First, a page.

This summer, I've returned to Dharamsala to work with the Tibetan community in exile. When I arrived, I was excited to be teaching English again at the Tibetan Children's Village through the Lifeworks community service program. And I would also be interning for the first time at the Tibetan Women's Association, an international group focusing on human rights abuses and empowerment of women. But a few days after I arrived, things got even more exciting. I received a message: "Be at the Dalai Lama's compound by 11:30 on Tuesday. Don't be late. Bring your passport." I was going to meet the Dalai Lama?!
Before I left for India, an audience with the Dalai Lama had been requested through my Tibetan relatives. But I'd hardly dared believe it might actually happen. What a great honor it would be to meet such an amazing man! I admire the Dalai Lama for the work he does to spread awareness of the Tibet situation while maintaining his policy of non-violence and inspiring his people. He's adamant in portraying himself as a "simple Buddhist monk" but he's also an international symbol of peace and compassion, one of those rare leaders driven not by greed or lust for power, but rather by a genuine desire to help his people and everyone else in the world.
I also really hoped to meet the Dalai Lama because of the connection between his predecessor, the 13th Dalai Lama, and my family. In 1910, my great-great-grandfather, S. W. Laden La, was liaison officer when the 13th Dalai Lama took refuge in India after the Chinese invaded Tibet. While working in Lhasa in 1920, my great-great-grandfather had an audience with the Dalai Lama at the Potala Palace, an unforgettable moment that he wrote about in his diary. In 1923, the Dalai Lama appointed him Chief of Police as part of an effort to modernize Tibet. Their last meeting took place in Lhasa in 1930; they spent the afternoon talking and the Dalai Lama gave my great-great-grandfather a beautiful khada silk blessing scarf.
To get ready for my audience, I borrowed a formal red brocade chupa, the traditional Tibetan dress. On the big day, some of the Tibetan women I was working with helped me put it on, making sure it was tied properly and my earrings and brooch matched. Next they helped my brother Henry (who's also working in Dharamsala this summer) put on a men's chupa. Then he and I went out to get khadas to offer to the Dalai Lama and print some family photos of our great-great-grandfather and the 13th Dalai Lama to take with us.
At about 10:45, we headed for the Dalai Lama's compound. It was a sunny, brisk morning, unusual during the summer monsoon, and this seemed fitting for such a special day. We came to the tall, heavy gates of the compound and walked in clutching our khadas and photos, trying to follow directions without being swept away by the crowd. Everyone was going somewhere and doing something: getting out food, herding family members, praying quietly. The Dalai Lama was giving a teaching that was being broadcast over loudspeakers and translated one language at a time; when their particular language wasn't on people chatted, their animated conversations filling the air.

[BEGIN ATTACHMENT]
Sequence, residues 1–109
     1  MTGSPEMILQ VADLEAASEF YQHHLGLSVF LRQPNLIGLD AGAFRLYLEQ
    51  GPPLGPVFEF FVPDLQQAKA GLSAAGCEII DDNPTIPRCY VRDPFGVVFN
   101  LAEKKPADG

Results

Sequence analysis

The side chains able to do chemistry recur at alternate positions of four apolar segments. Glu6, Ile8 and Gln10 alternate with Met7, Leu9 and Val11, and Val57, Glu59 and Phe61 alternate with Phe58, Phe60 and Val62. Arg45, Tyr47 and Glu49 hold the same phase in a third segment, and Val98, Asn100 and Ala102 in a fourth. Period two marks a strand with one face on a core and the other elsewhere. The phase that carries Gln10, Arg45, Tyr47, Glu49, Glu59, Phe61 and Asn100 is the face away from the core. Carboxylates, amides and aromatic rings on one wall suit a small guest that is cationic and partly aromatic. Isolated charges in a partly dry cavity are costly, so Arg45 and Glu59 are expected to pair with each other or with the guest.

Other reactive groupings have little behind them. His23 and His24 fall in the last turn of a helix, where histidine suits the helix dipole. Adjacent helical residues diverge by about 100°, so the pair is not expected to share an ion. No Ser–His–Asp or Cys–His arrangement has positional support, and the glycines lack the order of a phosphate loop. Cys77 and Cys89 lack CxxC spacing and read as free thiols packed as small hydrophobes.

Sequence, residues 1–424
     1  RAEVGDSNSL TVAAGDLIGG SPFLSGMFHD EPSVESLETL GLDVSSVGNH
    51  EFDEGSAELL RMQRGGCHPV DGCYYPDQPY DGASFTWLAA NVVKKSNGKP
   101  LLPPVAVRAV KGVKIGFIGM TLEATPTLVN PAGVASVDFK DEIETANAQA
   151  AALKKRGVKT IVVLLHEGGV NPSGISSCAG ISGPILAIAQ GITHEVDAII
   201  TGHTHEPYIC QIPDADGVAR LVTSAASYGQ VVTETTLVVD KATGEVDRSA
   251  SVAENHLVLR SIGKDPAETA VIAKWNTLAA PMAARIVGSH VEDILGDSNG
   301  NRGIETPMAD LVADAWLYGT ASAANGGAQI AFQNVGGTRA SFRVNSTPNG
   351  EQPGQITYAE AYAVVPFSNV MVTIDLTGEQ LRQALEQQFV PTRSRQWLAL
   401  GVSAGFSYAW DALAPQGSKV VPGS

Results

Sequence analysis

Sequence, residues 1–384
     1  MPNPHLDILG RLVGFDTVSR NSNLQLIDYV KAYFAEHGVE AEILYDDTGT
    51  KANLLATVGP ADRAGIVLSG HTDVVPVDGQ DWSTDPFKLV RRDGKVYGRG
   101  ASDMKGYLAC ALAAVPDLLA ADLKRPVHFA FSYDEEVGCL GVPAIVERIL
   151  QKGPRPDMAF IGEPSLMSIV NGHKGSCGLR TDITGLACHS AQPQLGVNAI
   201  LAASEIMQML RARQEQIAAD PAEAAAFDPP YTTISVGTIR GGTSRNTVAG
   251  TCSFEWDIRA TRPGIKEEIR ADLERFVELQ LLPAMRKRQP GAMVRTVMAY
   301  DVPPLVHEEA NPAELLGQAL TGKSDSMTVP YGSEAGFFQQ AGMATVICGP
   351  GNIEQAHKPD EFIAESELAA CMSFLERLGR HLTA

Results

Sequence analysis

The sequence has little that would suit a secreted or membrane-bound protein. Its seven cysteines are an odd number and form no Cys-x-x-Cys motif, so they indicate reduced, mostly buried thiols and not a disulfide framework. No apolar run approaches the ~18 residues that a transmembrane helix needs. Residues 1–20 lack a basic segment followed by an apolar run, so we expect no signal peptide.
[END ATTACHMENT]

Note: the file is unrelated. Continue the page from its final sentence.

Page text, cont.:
We were patted down and our bags searched at the security check. A guard escorted us to the reception office, where a tall, burly Tibetan man took our passports and told us to fill out forms explaining who we were and why we were there. Then we waited, along with a group of U.S.-based Tibetans and two Americans, a father and his teenage daughter working with a Tibet NGO in Washington, DC. Everyone was fidgety, making polite conversation to pass the time and--for me anyway--calm our nerves. My chupa had been ironed but I still smoothed away imaginary wrinkles in the deep red fabric. I folded and refolded my khada. By the time we were finally called, the slow fan on the ceiling must have rotated a thousand times.
We were shepherded through another security checkpoint and then taken outside to a line snaking down the hill from the Dalai Lama's official residence, a low building decorated with traditional bright Tibetan colors. Most of the people waiting were Asian and looked like tourists with their sun visors and fanny packs; there were also a few Westerners. When we saw the people ahead of us start putting their khadas around their necks, we did the same. The moment had finally come!
The line moved fast, and as we got closer I saw the Dalai Lama. Dressed in his simple maroon robes, a serene expression on his face, he was just standing at the entrance to his residence shaking each person's hand and posing for pictures. He really did look like a simple Buddhist monk.
When our turn came, the Dalai Lama smiled at us, took our hands, and said hello in his deep, gentle voice. We showed him the photos and, pointing to the one of my great-great-grandfather, he said, "I have seen that picture." It was at that moment that I recognized why we were there. The Dalai Lama held the photos, and held our hands tightly, and we posed for his official photographer. One hundred years after my great-great-grandfather was with the 13th Dalai Lama in India and Tibet, we were holding hands with the 14th Dalai Lama. I felt as though our family's story had come full circle, as if we'd fulfilled some sort of destiny.
The Dalai Lama thanked us and we thanked him. In a daze, we walked down the hill, past the security checkpoints, out the gate, and into the busy streets of Dharamsala.
When I look back on that morning, it seems unreal, like we were in a play or a dream. What I remember most is when the Dalai Lama took my hand. His hands were so soft and his grasp so firm; it was a comforting hold, confident and kind. Imagining my great-great-grandfather walking away from the Potala Palace in 1920 after his audience with the 13th Dalai Lama, I can understand the awe he felt, the sense that your life has been greatly altered and bettered from meeting one of the most inspiring men the world will ever know.